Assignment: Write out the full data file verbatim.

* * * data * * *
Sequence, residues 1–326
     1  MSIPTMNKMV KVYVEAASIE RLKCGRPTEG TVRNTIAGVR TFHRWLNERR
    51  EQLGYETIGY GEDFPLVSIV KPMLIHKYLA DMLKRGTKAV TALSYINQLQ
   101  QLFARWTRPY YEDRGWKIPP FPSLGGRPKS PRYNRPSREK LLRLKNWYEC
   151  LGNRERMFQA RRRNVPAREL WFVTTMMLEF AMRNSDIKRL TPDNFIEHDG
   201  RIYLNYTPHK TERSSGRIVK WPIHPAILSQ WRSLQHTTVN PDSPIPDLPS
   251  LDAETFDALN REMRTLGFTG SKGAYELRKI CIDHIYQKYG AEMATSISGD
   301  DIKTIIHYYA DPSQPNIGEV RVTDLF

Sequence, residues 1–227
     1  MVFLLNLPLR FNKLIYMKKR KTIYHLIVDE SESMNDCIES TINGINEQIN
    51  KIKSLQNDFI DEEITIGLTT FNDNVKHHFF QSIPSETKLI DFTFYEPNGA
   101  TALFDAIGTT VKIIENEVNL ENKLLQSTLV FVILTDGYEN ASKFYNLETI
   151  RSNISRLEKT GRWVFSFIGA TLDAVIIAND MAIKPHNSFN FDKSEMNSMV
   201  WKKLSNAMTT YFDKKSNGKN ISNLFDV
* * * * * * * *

Sequence, residues 1–326
     1  MSIPTMNKMV KVYVEAASIE RLKCGRPTEG TVRNTIAGVR TFHRWLNERR
    51  EQLGYETIGY GEDFPLVSIV KPMLIHKYLA DMLKRGTKAV TALSYINQLQ
   101  QLFARWTRPY YEDRGWKIPP FPSLGGRPKS PRYNRPSREK LLRLKNWYEC
   151  LGNRERMFQA RRRNVPAREL WFVTTMMLEF AMRNSDIKRL TPDNFIEHDG
   201  RIYLNYTPHK TERSSGRIVK WPIHPAILSQ WRSLQHTTVN PDSPIPDLPS
   251  LDAETFDALN REMRTLGFTG SKGAYELRKI CIDHIYQKYG AEMATSISGD
   301  DIKTIIHYYA DPSQPNIGEV RVTDLF

Sequence, residues 1–227
     1  MVFLLNLPLR FNKLIYMKKR KTIYHLIVDE SESMNDCIES TINGINEQIN
    51  KIKSLQNDFI DEEITIGLTT FNDNVKHHFF QSIPSETKLI DFTFYEPNGA
   101  TALFDAIGTT VKIIENEVNL ENKLLQSTLV FVILTDGYEN ASKFYNLETI
   151  RSNISRLEKT GRWVFSFIGA TLDAVIIAND MAIKPHNSFN FDKSEMNSMV
   201  WKKLSNAMTT YFDKKSNGKN ISNLFDV